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YANGON, Myanmar (AP) — Buddhist-led mobs tore through streets hurling stones at the offices and residences of international aid workers in Myanmar’s western Rakhine state Thursday, prompting the evacuation of almost all non-essential staff, residents and officials said. Some were flown out, others placed under protection at a police guest house.

There were no immediate indications anyone was hurt in the violence, which started in the state capital, Sittwe, late Wednesday and picked up again early Thursday, with angry crowds swelling in size from several hundred to more than 1,000.

At least one building was looted and three cars damaged, aid workers said on condition of anonymity because they feared retaliation.

State-run television said a commission would be formed to investigate the incident.

Myanmar, a predominantly Buddhist nation of 60 million, emerged from a half-century of military rule in 2011. But newfound freedoms of expression that accompanied its transition to democracy have given voice to religious hatred, causing violence that has left up to 280 people dead and sent another 140,000 fleeing their homes.

Most of the victims have been members of the long-persecuted Rohingya Muslim minority.

Aid groups that have been providing care for those now living in crowded camps — where they have little access to food, education or health care — have for months faced threats and intimidation by Buddhist Rakhine, hampering their ability to work.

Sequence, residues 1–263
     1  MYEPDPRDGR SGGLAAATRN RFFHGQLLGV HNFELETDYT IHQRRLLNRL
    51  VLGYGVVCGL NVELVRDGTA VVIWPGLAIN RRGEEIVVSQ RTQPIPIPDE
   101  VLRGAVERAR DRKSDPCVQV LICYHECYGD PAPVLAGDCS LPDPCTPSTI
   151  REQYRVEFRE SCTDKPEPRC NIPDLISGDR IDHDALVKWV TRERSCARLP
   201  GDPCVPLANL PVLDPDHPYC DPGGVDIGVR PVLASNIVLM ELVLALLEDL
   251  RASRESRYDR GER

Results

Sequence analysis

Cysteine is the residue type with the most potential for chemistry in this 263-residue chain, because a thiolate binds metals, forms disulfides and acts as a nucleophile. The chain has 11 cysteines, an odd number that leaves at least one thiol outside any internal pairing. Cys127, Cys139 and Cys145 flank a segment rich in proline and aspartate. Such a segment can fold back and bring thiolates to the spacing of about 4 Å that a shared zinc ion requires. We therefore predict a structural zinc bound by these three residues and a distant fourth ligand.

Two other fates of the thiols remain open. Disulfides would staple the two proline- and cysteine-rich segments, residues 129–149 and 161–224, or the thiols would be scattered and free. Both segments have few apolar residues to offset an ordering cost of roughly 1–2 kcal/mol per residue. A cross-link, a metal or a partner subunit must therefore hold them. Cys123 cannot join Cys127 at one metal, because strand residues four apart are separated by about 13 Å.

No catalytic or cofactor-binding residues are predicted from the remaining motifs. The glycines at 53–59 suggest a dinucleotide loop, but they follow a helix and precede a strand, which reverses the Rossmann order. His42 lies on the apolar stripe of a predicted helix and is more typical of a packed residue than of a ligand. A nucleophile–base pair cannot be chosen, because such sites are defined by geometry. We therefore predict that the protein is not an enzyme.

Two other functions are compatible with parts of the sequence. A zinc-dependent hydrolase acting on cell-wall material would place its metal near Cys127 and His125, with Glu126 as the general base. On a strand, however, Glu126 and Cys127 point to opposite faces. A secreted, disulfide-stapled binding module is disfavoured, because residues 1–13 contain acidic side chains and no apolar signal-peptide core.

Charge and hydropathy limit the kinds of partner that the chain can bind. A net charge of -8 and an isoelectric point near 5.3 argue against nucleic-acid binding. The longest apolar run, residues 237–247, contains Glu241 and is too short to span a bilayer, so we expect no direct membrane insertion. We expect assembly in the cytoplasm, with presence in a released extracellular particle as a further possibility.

Last month, the government stopped the Nobel Peace Prize-winning aid group, Doctors Without Borders, from working in the state altogether, in part because it had hired Rohingya.

Tensions in Rakhine have reached fever pitch ahead of next month’s national census — the first in 30 years. Many Buddhists say members of the religious minority should not be allowed to identify themselves as Rohingya — while not listed among the 135 ethnicities, there is an “other” category where respondents could write it in — over fears it could legitimize their existence in the country.

Though many of their families arrived generations ago, they have been denied citizenship by law.

As part of the anti-Rohingya campaign, Buddhist flags have been place in front of almost every house and office in Sittwe in recent days.

Up to 300 people surrounded Malteser International late Wednesday following reports that a woman had removed the flag from the group’s office, Rakhine state spokesman Win Myaing said, adding that police had to fire 40 to 50 warning shots to disperse the crowd.

The organization could not immediately be reached for comment, but residents said the woman who took down the flag was seen holding it near her waist, a sign of disrespect.

The violence continued Thursday, with more than 1,000 people running through a street that houses international aid workers, throwing rocks at homes and damaging several of the residences.

“If police stopped them at one place, the mob moved to a different location and threw stones at (nongovernmental organization) houses,” Sittwe resident Aung Than said by phone.

Police escorted aid workers from their homes for safety reasons Thursday, he said.

Dozens were taken to a guest house.